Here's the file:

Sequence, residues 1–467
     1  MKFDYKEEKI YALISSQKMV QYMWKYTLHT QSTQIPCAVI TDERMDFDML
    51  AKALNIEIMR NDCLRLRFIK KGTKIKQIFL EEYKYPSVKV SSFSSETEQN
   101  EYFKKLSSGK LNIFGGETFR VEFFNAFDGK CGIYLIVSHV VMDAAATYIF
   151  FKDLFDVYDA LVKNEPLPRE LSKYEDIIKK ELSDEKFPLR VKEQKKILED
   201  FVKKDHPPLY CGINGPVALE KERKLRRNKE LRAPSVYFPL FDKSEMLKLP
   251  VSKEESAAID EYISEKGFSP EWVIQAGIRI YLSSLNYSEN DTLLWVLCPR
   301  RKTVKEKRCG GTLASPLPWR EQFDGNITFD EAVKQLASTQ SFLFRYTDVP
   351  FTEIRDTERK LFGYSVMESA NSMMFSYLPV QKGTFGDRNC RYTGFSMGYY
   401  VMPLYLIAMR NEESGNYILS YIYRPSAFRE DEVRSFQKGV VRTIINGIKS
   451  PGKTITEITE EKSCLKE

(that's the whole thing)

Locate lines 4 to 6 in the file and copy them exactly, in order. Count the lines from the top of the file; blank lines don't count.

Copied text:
   101  EYFKKLSSGK LNIFGGETFR VEFFNAFDGK CGIYLIVSHV VMDAAATYIF
   151  FKDLFDVYDA LVKNEPLPRE LSKYEDIIKK ELSDEKFPLR VKEQKKILED
   201  FVKKDHPPLY CGINGPVALE KERKLRRNKE LRAPSVYFPL FDKSEMLKLP